Hera is angry with Zeus, but punishing Zeus is out of the question. Husband is more powerful than wife, president to first lady style. Not coincidentally, this has been the rule in nearly every square foot of the human world for hundreds of years, and wives have received equal treatment under the law and in the eyes of their husbands only in certain places, only in recent years. Male domination is less an echo than an ongoing reality for most women, and often a violent one.
Echo is powerless not to do Zeus a favor. In turn, Hera's rage at her husband, frustrated, is rerouted into revenge against an innocent woman. This is how patriarchy works in a nutshell. The voices of two women are lost.
The story of the end of Echo's life is chilling and familiar. Pan wants her. She rejects him. He responds by setting upon her mad shepherds who kill her by tearing her to pieces. Elliot Rodger, the 22-year-old virgin who killed six people, wounded 13 others, then killed himself on May 23 by shooting up "the hottest sorority at UCSB," as he put it, is Pan for 2014. "If I can't have you, girls," Rodger said in a video he taped in his car the day before the attack, with the sun streaming across his face and California palm trees swaying in the background, "I will destroy you."
There are Pans and Rodgers every day. The "more than 11,766 corpses from domestic violence homicides between 9/11 and 2012 exceed the number of deaths of victims on that day and all American soldiers killed in the war on terror," Rebecca Solnit writes in her essay "The Longest War," "but no one declares war on this particular kind of terror." The most distinguishing factor of male-on-female violence is how silent we as a culture remain about it. This is how a beautiful, silenced girl is easily neutered into tranquil metaphor. I don't blame anyone for seeing her as calming.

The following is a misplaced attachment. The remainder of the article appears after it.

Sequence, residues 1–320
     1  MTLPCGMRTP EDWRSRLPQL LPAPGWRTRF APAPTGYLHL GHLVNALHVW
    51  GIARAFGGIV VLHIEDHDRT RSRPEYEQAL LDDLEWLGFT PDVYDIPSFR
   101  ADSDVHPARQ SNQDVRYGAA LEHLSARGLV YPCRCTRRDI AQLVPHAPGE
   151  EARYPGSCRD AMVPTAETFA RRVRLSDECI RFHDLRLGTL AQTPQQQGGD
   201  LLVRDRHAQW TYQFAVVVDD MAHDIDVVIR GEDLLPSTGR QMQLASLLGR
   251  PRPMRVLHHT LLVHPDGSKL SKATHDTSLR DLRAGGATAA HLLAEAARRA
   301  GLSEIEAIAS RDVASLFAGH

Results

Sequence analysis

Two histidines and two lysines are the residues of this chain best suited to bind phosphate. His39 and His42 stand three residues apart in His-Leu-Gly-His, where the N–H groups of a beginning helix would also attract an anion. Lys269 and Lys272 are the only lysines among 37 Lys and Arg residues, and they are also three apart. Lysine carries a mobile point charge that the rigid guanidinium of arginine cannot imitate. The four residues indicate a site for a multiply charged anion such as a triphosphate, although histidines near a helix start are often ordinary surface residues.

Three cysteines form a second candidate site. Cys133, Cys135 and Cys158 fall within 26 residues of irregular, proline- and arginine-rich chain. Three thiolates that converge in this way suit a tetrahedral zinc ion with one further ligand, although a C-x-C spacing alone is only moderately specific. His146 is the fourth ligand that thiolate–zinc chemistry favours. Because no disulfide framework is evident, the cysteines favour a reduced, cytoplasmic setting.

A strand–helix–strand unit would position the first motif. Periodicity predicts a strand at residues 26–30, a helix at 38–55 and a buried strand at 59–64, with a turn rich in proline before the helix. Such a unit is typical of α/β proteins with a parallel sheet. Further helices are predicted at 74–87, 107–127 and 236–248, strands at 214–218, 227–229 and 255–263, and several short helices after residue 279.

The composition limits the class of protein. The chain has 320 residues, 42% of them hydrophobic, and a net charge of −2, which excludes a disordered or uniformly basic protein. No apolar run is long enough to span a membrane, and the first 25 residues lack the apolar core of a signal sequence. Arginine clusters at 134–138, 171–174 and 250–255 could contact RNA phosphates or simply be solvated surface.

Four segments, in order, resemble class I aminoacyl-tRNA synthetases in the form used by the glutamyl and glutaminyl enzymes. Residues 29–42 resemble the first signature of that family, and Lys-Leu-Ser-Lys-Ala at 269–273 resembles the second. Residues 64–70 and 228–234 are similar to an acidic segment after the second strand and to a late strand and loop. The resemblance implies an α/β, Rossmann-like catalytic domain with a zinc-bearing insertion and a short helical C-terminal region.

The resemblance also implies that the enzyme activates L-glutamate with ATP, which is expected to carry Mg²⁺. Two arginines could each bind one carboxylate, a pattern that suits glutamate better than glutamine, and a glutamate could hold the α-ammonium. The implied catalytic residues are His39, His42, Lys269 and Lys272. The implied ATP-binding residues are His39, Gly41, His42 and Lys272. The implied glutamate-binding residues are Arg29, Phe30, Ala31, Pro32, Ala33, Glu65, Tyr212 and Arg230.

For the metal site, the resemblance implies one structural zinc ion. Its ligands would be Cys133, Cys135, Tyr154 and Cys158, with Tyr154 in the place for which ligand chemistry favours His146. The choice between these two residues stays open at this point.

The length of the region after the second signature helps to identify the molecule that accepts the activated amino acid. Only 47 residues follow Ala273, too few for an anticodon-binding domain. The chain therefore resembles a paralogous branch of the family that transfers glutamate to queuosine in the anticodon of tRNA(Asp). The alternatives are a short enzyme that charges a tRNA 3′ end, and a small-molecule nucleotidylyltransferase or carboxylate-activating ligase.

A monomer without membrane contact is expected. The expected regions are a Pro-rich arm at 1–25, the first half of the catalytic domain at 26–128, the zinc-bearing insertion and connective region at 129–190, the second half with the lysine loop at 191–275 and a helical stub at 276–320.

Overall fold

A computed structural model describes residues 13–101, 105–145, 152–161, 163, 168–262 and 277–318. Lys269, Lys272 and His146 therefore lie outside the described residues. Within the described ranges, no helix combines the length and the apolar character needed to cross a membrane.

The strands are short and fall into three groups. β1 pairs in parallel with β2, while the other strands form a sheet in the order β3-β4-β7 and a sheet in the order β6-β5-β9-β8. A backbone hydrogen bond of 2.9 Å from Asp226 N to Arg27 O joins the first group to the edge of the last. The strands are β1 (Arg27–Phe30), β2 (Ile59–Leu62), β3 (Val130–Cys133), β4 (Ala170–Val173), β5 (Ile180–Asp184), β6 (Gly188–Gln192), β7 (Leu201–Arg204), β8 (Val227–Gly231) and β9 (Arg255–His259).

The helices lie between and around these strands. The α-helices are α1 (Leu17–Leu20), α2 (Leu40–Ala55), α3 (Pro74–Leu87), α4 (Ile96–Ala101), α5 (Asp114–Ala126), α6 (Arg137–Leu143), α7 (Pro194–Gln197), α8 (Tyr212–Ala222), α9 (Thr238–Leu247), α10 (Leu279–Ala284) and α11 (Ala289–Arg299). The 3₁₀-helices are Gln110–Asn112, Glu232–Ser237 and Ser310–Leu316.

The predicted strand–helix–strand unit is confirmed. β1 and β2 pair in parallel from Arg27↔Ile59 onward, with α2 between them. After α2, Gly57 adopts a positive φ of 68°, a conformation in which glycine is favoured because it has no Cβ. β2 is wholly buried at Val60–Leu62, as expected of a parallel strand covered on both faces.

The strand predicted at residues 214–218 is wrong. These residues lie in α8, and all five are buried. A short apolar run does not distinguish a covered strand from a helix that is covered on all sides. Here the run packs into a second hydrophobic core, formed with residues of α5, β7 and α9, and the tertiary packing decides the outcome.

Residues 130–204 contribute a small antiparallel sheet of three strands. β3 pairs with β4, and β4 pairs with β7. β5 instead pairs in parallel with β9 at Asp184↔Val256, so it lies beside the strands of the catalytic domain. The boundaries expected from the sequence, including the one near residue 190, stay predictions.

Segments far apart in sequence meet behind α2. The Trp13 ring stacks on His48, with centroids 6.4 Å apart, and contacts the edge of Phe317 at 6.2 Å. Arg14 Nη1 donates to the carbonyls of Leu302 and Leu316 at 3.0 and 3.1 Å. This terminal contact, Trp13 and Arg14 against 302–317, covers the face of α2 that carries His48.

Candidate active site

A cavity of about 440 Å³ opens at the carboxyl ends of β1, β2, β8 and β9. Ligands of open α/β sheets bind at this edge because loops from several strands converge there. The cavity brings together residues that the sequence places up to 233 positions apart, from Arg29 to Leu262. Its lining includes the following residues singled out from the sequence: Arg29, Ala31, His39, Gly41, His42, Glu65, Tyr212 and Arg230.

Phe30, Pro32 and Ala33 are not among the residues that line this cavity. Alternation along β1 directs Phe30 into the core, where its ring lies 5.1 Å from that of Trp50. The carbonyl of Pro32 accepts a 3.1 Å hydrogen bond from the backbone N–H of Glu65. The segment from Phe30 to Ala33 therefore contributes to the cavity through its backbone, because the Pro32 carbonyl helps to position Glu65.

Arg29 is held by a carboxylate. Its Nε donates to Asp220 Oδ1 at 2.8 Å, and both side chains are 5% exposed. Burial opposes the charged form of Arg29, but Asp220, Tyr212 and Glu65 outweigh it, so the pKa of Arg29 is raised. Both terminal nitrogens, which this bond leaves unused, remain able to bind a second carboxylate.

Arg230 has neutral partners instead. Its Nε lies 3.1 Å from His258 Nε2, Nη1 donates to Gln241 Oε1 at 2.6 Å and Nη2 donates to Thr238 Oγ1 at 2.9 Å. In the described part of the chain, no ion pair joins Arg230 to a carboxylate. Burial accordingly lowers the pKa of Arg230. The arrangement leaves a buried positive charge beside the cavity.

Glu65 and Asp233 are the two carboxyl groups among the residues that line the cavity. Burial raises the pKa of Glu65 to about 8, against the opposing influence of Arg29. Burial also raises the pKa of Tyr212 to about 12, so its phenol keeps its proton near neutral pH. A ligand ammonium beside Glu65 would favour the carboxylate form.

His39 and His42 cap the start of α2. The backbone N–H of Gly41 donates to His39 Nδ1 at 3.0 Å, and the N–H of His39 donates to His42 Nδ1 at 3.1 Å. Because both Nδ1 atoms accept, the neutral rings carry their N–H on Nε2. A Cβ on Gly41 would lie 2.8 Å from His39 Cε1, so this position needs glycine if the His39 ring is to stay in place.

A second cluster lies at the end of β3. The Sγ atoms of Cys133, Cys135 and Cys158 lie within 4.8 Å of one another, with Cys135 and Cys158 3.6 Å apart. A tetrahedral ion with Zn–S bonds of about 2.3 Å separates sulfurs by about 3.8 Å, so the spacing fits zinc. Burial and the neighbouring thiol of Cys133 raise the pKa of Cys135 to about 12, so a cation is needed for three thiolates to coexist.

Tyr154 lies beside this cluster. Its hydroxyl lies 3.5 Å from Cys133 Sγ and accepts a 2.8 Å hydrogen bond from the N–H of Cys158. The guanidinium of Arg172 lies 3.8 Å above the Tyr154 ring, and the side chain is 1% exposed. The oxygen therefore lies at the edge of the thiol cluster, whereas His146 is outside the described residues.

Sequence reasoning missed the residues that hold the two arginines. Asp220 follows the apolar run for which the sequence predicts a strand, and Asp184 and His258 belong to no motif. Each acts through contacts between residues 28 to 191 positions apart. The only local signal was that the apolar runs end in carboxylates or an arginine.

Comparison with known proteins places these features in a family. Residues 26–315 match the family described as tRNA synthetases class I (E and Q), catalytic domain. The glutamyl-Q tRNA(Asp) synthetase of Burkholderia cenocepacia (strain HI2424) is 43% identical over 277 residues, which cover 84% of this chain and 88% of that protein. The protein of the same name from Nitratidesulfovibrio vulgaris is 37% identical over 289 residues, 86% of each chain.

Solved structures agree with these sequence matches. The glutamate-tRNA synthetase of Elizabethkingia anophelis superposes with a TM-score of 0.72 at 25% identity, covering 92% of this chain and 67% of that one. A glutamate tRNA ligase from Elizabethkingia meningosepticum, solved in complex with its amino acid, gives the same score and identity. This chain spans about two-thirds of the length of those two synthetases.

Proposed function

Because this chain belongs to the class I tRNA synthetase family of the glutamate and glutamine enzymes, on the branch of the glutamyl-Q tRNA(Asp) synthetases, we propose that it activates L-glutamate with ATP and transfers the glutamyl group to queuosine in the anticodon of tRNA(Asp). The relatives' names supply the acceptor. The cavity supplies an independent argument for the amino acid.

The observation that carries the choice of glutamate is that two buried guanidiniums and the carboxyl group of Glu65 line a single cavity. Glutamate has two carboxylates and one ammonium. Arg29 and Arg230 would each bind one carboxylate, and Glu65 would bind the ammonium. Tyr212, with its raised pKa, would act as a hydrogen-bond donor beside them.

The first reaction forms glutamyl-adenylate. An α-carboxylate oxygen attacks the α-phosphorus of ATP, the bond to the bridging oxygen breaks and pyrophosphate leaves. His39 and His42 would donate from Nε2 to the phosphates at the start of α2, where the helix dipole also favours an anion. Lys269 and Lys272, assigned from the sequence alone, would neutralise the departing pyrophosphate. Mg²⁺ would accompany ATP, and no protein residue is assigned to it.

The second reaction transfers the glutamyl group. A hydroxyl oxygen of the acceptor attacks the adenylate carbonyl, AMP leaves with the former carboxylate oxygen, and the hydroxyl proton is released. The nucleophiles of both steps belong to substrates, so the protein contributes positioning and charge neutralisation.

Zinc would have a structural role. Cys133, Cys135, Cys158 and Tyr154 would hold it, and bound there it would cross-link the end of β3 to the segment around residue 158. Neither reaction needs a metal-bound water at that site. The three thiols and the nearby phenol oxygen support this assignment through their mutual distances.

But other silences in Echo are disturbing, too. In a reference to Zeus's home, Mount Olympus of Greece, the sculpture is planted facing Mount Olympus of the Olympic Mountains across the water from Seattle. The artist, the museum, and the mayor tout this as an important part of Echo's meaning in Seattle. Washington's Mount Olympus got that name in 1778, from a British explorer usurping another name given in 1774 by a Spaniard. Both erased the local native name for the Olympics, Sun-a-do. Mount Olympus is said to hold the distinction of being the first geographic feature in Washington State named/silenced by a European. In Echo, I can't help but also see the famous photograph of Chief Sealth taken late in his life, when he agreed to sit but refused to open his eyes for the camera in a small act of protest. His eyes later were retouched open—forced open—to make the picture postcards less creepy for tourists.
One more. Echo is not just any girl. She is a Chinese Spanish girl named Nuria, the daughter in a family that runs a Chinese restaurant near Plensa's Barcelona studio. (To substitute a woman of color for a woman silenced is especially too-close-to-real.) I am not suggesting Nuria is a victim, or that every artist has to name every subject. But rechristened Echo, Nuria has nothing to say. I discovered her name only because I asked.